Emotionally Engage from the Very
By Cheryl Bolen
"The average piece of writing has not minutes, but seconds,
and not pages to convince someone to invest both time and money," said
romantic suspense author Colleen Thompson in her recently delivered
workshop titled "Emotionally Engage from the Very First Page."
Thompson, who previously wrote seven historicals under a
pseudonym, earned a Rita nomination for the first of her six romantic
suspense novels and is a current Romantic Times nominee for Best
Romantic Suspense of 2007. Sheís also contributed several articles to
Romance Writers Report and Writers Digest.
According to Thompson, successful openings hinge on these six
Quickly build identification with protagonist
Readers automatically "imprint" on the first character; therefore,
itís important that readers identify with the characterís humanity. How
is he/she like me, only more so? Whatís special about the person that
leaves readers wanting more?
"Get the reader in an emotional situation right away," Thompson
Since she writes suspense, her examples came from that genre.
Donít, Thompson said, write, "She was scared." Give symptoms, physical
reactions that demonstrate her fear.
Tap into emotions we have all felt. Hereís an example from
Thompsonís The Deadliest Denial:
|The worst day of Claire
Winslowís life started early, with a banging at the front
door that began at five a.m...a wave of dizziness broke over
her and her body trembled like the most damaged of her
patients at the rehabilitation center.
Spence was due home from his shift this morning. But her
husband would never bother knocking. ..
Claire hurried back into her bedroom and grabbed
her robe, her mind stumbling through the thought: If
SpenceĎs dead, Iím not letting them tell me while I stand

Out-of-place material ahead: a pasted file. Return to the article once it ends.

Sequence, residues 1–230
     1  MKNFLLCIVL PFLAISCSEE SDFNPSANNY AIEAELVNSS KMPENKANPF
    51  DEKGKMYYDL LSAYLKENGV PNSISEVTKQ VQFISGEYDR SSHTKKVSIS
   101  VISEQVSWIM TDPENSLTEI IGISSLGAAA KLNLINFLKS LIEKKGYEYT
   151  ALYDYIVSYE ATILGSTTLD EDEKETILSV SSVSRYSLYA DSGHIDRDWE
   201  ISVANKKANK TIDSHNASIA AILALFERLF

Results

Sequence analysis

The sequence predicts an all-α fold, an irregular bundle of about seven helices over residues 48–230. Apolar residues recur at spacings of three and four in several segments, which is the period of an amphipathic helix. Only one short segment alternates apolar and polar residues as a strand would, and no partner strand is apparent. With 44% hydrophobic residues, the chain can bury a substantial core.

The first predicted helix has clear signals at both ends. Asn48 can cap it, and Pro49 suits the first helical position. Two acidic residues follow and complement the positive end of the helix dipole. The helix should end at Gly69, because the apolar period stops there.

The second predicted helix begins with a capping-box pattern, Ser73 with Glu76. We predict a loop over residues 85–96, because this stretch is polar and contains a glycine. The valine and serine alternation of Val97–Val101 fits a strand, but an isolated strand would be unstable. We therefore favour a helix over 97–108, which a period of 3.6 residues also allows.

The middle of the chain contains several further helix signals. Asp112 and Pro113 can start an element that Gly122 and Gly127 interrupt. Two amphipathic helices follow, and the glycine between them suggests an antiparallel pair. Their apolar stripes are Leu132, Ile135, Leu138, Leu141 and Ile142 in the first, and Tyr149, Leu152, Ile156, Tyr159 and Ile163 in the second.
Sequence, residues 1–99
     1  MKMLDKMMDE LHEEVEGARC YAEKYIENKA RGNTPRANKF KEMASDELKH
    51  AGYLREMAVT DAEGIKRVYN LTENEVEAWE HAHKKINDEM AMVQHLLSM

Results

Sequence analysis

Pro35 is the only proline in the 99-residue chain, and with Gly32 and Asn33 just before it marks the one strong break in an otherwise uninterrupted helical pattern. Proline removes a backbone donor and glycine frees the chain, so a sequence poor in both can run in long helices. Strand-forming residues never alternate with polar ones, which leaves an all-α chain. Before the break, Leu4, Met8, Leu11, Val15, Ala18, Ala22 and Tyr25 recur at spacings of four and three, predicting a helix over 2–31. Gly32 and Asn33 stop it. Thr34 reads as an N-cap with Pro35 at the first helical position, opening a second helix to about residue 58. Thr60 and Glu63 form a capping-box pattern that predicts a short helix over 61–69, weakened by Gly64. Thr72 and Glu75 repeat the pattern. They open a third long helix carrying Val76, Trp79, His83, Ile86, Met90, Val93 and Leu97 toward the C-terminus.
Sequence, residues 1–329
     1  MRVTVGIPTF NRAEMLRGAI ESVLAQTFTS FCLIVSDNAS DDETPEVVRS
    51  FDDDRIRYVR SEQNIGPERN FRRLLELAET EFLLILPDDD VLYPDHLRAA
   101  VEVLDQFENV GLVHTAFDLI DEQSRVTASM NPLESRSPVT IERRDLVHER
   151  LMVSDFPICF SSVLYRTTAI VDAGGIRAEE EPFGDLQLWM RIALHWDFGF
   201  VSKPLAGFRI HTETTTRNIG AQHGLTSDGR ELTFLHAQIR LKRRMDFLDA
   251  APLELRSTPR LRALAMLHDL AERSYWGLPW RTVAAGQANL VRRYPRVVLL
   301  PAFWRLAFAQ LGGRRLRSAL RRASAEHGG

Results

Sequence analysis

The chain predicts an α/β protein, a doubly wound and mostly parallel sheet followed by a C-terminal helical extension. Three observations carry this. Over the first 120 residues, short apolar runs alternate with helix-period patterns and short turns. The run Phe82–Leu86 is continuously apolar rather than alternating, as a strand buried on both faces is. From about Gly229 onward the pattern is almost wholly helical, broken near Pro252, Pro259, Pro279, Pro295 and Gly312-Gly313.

there in one of his old T-shirts.
If Spenceís dead...God no.
An early morning knock. A midnight phone call. Who hasnít
experienced these things and the instantaneous fear for loved ones they
Connect with universal emotions
Evoke jealousy, fear, suspicion, love, hope, etc. with
recognizable mental or physical hallmarks that simulate and stimulate
the readerís own emotions.
Remind the reader of a time he/she felt pressured, left out,
exasperated in mortal terror by using vivid, concrete detail.
Quickly establish narrative drive/escalation
Thompson said the writer must keep narrowly focused on the sceneís
"Make it immediately clear why the reader should care," she said,
"then make it matter more."
And, of course, do all this with only hints of back story, not
Raise expectations/build suspense
Raise a question, make clear its importance, show the character
sweating ó and make the reader wait for an answer.
Layer more questions, small and large...leading with the "trail of
breadcrumbs" to the next (worse) complication.
Walk the thin line between the familiar and the
Thompson advises that the events related are recognizable but have
a compelling twist. Ask yourself "What makes this opening stand out from
other published examples of the same?" In todayís market, it canít be
"as good as." It must be better than. Every publisher has established
writers who have loyal readers. These publishers are not going to slight
them to make room for a new author who is not a heck of a lot better
Convince readers he/she is in the hands of a pro
Use fluent, evocative, or witty prose with no distracting usage
And the author must accomplish all this while being different from
Master these six strategies for emotionally engaging your reader
from the first page, and you just might become a Rita finalist like
This article was first published in In Print,